It commissioned YouGov to carry out a survey of 2,179 adults to find out what we eat and drink over the festive period and then calculated what that meant in terms of calories, fats, sugars and salt for the average person. The result, say experts, make " eye-watering reading":
The 1,200 calorie breakfast: More than one in ten people (12%) usually eat a full English cooked breakfast, with 14% opting for a bacon sandwich on Christmas morning. A typical fried breakfast contains over 1,200 calories, which is around 60% of our daily calorie intake, while a bacon sandwich with a splash of brown sauce can contain almost half (2.68g) of our recommended daily salt allowance.
32 teaspoons of sugar in one day: Between meals, 40% of people surveyed snack on nuts and almost a third (30%) eat crisps. One in three (33%) will have at least one mince pie and over half of people (56%) choose chocolates. All this snacking, plus overindulging at meal times, means that by the end of the day Brits may have consumed the equivalent of 32 teaspoons of sugar.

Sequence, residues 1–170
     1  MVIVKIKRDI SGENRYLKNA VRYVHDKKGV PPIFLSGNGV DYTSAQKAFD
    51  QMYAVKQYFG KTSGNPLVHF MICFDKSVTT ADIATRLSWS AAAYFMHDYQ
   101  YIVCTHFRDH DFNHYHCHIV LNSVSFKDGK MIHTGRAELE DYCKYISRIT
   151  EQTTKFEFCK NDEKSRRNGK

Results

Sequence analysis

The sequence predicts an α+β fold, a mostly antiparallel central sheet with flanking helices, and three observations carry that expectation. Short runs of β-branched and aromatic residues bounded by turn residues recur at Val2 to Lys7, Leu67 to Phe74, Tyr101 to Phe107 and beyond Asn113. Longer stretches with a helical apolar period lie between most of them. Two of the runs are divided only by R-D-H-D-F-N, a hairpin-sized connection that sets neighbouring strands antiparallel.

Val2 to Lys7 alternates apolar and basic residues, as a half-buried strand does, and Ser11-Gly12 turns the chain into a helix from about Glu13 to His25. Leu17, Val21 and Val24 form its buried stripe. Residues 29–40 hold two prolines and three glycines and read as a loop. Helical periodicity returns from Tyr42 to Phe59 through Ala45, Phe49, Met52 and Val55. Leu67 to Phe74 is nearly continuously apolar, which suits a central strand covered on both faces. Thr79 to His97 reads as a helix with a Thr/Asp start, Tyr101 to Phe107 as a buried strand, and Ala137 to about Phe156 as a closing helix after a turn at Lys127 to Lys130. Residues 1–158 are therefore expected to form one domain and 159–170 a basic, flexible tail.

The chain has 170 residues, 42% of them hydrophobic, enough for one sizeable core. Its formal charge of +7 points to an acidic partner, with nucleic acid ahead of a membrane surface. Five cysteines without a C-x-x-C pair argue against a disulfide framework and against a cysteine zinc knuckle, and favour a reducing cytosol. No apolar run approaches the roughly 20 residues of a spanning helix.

More saturated fat than in half a pack of lard: Almost three in four people surveyed (73%) opt for turkey as part of their traditional Christmas dinner. While that’s a leaner meat option than goose or duck, the typical Christmas dinner still adds up to 660 calories. Over half of people (52%) surveyed will have Christmas pudding with almost one in four (23%) having cream. Once the breakfast, lunch and dinner is done, Brits could have consumed more saturated fat than you would find in half a packet of lard.
The BHF says Christmas often brings an unhealthy relationship with alcohol. More than half (54%) of those who celebrate Christmas think they will exceed the recommended daily consumption of alcohol on Christmas Day, with a quarter (25%) drinking more than double the recommended units per day.
One in ten (10%) of us will drink 13 or more units of alcohol, which is the equivalent of 13 shots of whisky in a single day.
Tracy Parker, a heart health dietician at the BHF, says it is not about trying to dampen our spirits, but make us think about our diet and lifestyle beyond Christmas itself. "Yes, that one day is perhaps not going to have much of an impact," she tells us, "but if those unhealthy habits continue into the New Year - that's when your risk of heart disease, higher cholesterol and high blood pressure is likely to have more of an effect."
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